Most of the fourth chapter of Mark is devoted to a sample of Jesus’ parables, along with his private explanation of one of them, the Parable of the Sower. The closing narrative amounts to an illustration of that one.
In demonstrating Jesus’ mastery over the natural world, this passage explicitly asserts his deity. Mark has already shown him as healer, as someone with authority over demons, and even recognized by them as the Holy One of God. (See, for example, Mark 1:32-34)
So when Jesus said, “Let’s go across the lake,” the disciples should have known enough to take it as the word of God. If Jesus, who had worked so many wonders in their presence, said they were going across the lake, nothing could prevent them from getting there.
Jesus, exhausted from a long day of ministry, fell asleep. In a way, that should have been a model for everyone else in the boat—not that they should have been asleep, but that they should have been confidently at rest as they went about their various tasks.
But the message of the Parable of the Sower had not registered. In teaching the parables, Jesus the sower sowed the word of God. Even with an explanation to his disciples, we can see that it fell on the path, and the devil came immediately to take it away. When the storm came up, they fell away, offended.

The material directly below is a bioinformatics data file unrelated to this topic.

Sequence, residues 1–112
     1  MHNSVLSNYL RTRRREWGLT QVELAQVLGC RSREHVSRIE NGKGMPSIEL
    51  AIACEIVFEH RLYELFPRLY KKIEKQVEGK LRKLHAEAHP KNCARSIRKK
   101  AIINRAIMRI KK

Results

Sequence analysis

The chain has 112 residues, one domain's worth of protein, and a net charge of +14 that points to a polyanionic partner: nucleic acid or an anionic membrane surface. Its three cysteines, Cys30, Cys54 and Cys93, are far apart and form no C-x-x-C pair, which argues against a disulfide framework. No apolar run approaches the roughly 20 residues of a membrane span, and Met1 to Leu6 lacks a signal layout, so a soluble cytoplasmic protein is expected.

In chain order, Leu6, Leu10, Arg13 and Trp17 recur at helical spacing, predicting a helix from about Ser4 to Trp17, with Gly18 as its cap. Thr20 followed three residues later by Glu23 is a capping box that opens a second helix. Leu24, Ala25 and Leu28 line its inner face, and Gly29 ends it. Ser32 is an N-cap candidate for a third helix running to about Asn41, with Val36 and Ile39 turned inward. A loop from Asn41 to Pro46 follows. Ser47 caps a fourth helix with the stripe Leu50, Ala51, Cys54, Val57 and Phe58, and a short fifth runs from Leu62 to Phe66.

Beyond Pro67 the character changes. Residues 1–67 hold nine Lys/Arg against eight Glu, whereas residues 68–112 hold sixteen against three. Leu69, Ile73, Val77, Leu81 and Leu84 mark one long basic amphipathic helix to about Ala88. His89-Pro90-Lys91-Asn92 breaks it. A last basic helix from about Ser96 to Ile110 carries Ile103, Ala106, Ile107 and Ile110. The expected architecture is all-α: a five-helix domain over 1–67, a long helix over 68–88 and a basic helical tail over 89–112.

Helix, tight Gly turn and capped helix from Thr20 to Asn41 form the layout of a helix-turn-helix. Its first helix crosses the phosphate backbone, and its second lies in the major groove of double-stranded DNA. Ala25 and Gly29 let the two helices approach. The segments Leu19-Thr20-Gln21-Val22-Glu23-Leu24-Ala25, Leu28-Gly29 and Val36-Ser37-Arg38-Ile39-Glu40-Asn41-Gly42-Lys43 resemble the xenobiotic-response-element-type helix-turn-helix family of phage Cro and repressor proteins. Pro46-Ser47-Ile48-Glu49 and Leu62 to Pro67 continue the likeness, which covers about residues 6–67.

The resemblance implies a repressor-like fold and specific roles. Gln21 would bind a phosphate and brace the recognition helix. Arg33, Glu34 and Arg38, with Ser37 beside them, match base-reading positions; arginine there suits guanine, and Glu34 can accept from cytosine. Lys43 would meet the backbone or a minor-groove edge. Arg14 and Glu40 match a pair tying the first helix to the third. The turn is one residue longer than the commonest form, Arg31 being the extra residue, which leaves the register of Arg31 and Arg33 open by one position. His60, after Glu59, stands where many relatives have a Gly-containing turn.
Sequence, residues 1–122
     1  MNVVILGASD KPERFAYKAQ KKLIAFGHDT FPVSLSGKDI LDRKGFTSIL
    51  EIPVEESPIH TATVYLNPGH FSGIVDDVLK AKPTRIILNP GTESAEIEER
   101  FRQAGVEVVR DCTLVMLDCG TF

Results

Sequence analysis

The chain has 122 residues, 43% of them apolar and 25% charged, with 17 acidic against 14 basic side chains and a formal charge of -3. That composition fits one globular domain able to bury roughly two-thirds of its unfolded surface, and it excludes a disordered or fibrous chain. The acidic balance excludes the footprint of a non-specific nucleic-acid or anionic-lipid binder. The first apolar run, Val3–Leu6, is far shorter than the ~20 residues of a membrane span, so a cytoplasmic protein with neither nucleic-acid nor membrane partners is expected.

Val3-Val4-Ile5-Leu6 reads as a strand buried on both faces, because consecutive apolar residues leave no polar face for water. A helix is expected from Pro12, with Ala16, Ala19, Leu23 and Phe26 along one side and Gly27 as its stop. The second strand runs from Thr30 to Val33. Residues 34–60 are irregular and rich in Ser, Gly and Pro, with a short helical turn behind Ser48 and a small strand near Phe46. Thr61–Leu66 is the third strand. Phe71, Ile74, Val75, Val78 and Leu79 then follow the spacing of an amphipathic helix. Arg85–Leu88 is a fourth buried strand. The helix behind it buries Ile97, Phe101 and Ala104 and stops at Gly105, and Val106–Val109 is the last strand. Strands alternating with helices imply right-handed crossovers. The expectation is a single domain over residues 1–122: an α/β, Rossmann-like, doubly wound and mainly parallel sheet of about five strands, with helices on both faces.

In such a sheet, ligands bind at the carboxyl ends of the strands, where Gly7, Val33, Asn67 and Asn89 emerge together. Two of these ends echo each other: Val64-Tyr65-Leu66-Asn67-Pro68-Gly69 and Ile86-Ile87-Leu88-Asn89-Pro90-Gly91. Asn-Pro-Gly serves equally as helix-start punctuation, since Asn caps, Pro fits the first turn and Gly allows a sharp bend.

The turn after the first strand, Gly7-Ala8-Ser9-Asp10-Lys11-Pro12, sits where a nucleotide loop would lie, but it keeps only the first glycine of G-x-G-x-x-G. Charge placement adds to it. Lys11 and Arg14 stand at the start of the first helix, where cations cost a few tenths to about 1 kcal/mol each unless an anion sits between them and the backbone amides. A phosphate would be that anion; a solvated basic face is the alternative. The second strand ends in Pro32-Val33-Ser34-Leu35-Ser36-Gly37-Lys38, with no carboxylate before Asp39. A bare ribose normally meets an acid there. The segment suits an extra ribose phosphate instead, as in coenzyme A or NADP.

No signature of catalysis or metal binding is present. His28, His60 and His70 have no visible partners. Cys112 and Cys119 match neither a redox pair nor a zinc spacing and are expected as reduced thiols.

They woke Jesus up and rebuked him for not caring that they were about to sink and drown. He commanded the wind and waves to be calm, and they obeyed his voice. Then Jesus asked the disciples why they were afraid.
Probably no command in the Bible occurs more frequently than “fear not.” Fear of this kind cannot coexist with faith. The disciples thought they were perishing; Jesus didn’t. If Peter and the others had been at rest, displayed the same restful trust Jesus did, they would not have been offended at him.
They still feared when the sea became calm, but it was now a different fear. They were quite comfortable with a human Jesus. Who was this whom the forces of nature obeyed?
The church, too, seems much more comfortable with the baby Jesus, or the kind man who was nice to children, or the corpse taken down from the cross than with a supernatural Jesus who works wonders.
All the ancient creeds insist that Jesus is both fully human and fully God. We we must at least agree with the creeds in order to qualify as Christian.
It’s high time we start to really believe them as well. With Christ’s power at work in his church, we’ll do greater works than he did instead of looking nostalgically back at the Bible and wondering how much is literally true.